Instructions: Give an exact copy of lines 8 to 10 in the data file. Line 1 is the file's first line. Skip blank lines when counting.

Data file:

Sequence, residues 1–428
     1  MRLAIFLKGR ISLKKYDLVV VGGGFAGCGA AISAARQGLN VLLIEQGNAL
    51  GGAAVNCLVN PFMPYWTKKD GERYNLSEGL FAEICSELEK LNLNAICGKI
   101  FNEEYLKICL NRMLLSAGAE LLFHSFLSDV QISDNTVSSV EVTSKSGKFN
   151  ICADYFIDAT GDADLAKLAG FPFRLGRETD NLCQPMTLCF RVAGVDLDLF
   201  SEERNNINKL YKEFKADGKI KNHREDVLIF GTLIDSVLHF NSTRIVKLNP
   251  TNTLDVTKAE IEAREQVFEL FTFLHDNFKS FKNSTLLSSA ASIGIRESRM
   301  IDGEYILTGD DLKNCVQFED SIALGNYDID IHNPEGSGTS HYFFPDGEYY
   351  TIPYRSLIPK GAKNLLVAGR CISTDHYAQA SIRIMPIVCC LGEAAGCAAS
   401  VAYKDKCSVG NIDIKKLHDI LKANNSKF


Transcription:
   301  IDGEYILTGD DLKNCVQFED SIALGNYDID IHNPEGSGTS HYFFPDGEYY
   351  TIPYRSLIPK GAKNLLVAGR CISTDHYAQA SIRIMPIVCC LGEAAGCAAS
   401  VAYKDKCSVG NIDIKKLHDI LKANNSKF